Archivists Promote AXF as Standard to End Metadata Issues

At AMIA’s The Reel Thing conference in Hollywood, HBO director of archives and asset management Randal Luckow and Digital Preservation Laboratories president Steve Kochak discussed cataloging unstructured metadata for preservation in distributed databases using the open standard Archive eXchange Format (AXF). Migrating physical elements often leaves out information important for the future, and metadata generated in the course of the project isn’t always documented, leading to problems linking the metadata to digital audio-video.

Archivists have increased the types and amount of metadata being saved, which has also led to redundant information. Luckow and Kochak proposed a different paradigm for the metadata database topology to solve this problem.


“In the traditional metadata database topology, the audio-video enters a MAM/DAM and the metadata gets sent to a database of metadata,” explained Kochak. “And then we have audio-video essence either on LTO or in the cloud.” The metadata database is typically not open standard, he added.

AXF is an IEEE and SMPTE (SMPTE ST2034-1-2017) open standard but, currently, few vendors support it. When DPX, another open standard, emerged, more vendors supported it, and it grew into the Adobe product line and, eventually free products. AXF will, it is hoped, follow the same path.

“Later this year, the first couple of open source (possibly freeware) applications will be released to the public once the appropriate distribution outlet is decided,” explained Kochak, who says that, “it is also anticipated that the first downloadable AXF applications will be released, but in a limited form.”

The inherent strength of using AXF is that, “if the metadata was entered during the AXF object creation instead of in a separate database as a post process, the persistent metadata would be immortalized with the audio-video essence.”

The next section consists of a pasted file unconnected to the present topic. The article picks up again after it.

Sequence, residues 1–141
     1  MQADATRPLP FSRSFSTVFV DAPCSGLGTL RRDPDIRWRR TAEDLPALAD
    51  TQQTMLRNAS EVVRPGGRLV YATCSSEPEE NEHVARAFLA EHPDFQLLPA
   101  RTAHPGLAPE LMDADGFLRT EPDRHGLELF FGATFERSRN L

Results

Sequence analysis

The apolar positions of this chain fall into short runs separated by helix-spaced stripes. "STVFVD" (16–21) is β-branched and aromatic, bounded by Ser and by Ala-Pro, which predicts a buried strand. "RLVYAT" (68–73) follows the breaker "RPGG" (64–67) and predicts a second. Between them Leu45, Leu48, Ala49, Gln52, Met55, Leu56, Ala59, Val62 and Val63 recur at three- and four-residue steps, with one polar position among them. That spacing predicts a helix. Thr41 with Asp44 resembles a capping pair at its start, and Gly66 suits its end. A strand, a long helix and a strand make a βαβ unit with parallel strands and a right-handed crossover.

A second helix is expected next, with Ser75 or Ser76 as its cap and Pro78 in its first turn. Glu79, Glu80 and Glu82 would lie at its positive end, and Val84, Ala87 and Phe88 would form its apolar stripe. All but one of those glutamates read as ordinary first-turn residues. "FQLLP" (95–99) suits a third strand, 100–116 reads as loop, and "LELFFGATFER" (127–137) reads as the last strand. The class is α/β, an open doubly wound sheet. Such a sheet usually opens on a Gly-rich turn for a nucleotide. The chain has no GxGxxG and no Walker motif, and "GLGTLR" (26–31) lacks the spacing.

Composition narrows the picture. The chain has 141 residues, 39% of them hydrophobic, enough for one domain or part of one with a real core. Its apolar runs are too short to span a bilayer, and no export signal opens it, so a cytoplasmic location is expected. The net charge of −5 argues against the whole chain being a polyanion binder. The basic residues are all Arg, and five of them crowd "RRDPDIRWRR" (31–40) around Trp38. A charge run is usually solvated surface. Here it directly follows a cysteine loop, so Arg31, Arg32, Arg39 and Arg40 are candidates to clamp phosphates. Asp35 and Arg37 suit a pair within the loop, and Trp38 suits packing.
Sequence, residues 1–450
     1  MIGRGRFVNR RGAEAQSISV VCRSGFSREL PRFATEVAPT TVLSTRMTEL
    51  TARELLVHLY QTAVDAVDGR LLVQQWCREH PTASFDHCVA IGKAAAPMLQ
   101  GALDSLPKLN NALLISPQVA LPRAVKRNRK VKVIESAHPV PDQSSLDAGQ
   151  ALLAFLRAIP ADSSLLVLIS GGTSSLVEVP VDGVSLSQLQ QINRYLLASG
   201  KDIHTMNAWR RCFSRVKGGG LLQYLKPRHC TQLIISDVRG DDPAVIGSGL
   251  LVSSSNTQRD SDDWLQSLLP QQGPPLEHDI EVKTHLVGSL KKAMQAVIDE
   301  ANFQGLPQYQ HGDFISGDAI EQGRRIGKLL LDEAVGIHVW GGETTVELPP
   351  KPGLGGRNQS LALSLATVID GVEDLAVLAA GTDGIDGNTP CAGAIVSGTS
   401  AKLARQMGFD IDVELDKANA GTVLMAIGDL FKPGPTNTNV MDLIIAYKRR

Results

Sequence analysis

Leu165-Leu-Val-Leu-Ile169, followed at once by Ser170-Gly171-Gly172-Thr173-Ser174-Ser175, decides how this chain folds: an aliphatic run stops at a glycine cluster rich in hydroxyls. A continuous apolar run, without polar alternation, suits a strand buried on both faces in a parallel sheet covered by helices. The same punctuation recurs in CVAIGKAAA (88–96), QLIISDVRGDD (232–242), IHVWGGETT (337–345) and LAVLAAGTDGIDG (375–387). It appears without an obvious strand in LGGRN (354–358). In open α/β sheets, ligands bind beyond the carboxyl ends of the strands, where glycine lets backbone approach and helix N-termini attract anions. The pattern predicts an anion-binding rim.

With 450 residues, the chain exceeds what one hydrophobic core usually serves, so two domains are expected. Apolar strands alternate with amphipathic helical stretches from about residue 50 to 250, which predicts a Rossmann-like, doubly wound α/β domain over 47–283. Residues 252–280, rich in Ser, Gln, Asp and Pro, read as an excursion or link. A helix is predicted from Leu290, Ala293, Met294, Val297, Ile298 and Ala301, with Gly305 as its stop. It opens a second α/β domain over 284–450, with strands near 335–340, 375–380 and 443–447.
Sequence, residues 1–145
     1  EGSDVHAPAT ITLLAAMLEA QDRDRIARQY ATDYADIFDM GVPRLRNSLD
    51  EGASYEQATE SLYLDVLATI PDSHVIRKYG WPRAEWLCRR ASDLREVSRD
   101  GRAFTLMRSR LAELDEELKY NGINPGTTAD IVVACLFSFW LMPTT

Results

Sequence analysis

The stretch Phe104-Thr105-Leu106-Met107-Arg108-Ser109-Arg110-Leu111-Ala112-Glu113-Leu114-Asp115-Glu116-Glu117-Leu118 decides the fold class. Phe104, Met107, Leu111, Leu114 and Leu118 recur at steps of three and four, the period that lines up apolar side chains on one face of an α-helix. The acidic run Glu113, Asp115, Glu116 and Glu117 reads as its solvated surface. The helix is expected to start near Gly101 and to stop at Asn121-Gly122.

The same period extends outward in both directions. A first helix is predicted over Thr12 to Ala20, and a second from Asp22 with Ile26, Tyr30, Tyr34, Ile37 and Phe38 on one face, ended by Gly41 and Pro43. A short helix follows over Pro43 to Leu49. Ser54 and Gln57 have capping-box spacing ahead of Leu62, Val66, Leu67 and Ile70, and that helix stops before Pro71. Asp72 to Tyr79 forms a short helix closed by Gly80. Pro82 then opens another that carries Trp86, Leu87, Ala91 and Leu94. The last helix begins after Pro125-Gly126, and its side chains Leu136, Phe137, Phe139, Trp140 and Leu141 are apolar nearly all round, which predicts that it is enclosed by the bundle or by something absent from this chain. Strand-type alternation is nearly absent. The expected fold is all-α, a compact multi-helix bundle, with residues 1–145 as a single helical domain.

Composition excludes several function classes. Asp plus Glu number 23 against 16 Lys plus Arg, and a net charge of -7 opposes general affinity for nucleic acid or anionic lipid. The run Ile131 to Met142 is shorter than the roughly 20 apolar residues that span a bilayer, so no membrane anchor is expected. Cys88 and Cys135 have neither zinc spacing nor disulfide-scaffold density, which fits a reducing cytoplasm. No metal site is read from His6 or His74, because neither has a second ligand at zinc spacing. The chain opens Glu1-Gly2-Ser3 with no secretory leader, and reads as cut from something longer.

“Moving from one asset management system to another would only involve pointing the new system to the existing AXF objects and re-indexing them,” said Kochak. “The database is audio and video. This will take away the issues associated with switching from one MAM vendor to another, which is crazy expensive and problematic. Sometimes it’s so expensive, you can’t leave.”

“Imagine a world where all your metadata was embedded with your audio and video — all of a sudden, we have everything we need in a single file,” he continued. “The people who know the content create the metadata and future generations won’t have to guess. The clues are with the audio and video forever. There are other ways to do it, but the open standard allows competition, which allows lower prices. It’s hard to draw the future topology but instead of the MAM/DAM being the centerpiece, now we’ll spend our money on the actual images and audio we’ll put in the MAM. It’s a decentralized database, because you can pull out images, and the metadata comes with it.”

According to Library of Congress national audio-visual conservation center assistant chief David Pierce, his organization has already been using AXF. Luckow reports that HBO is also “moving down this path.”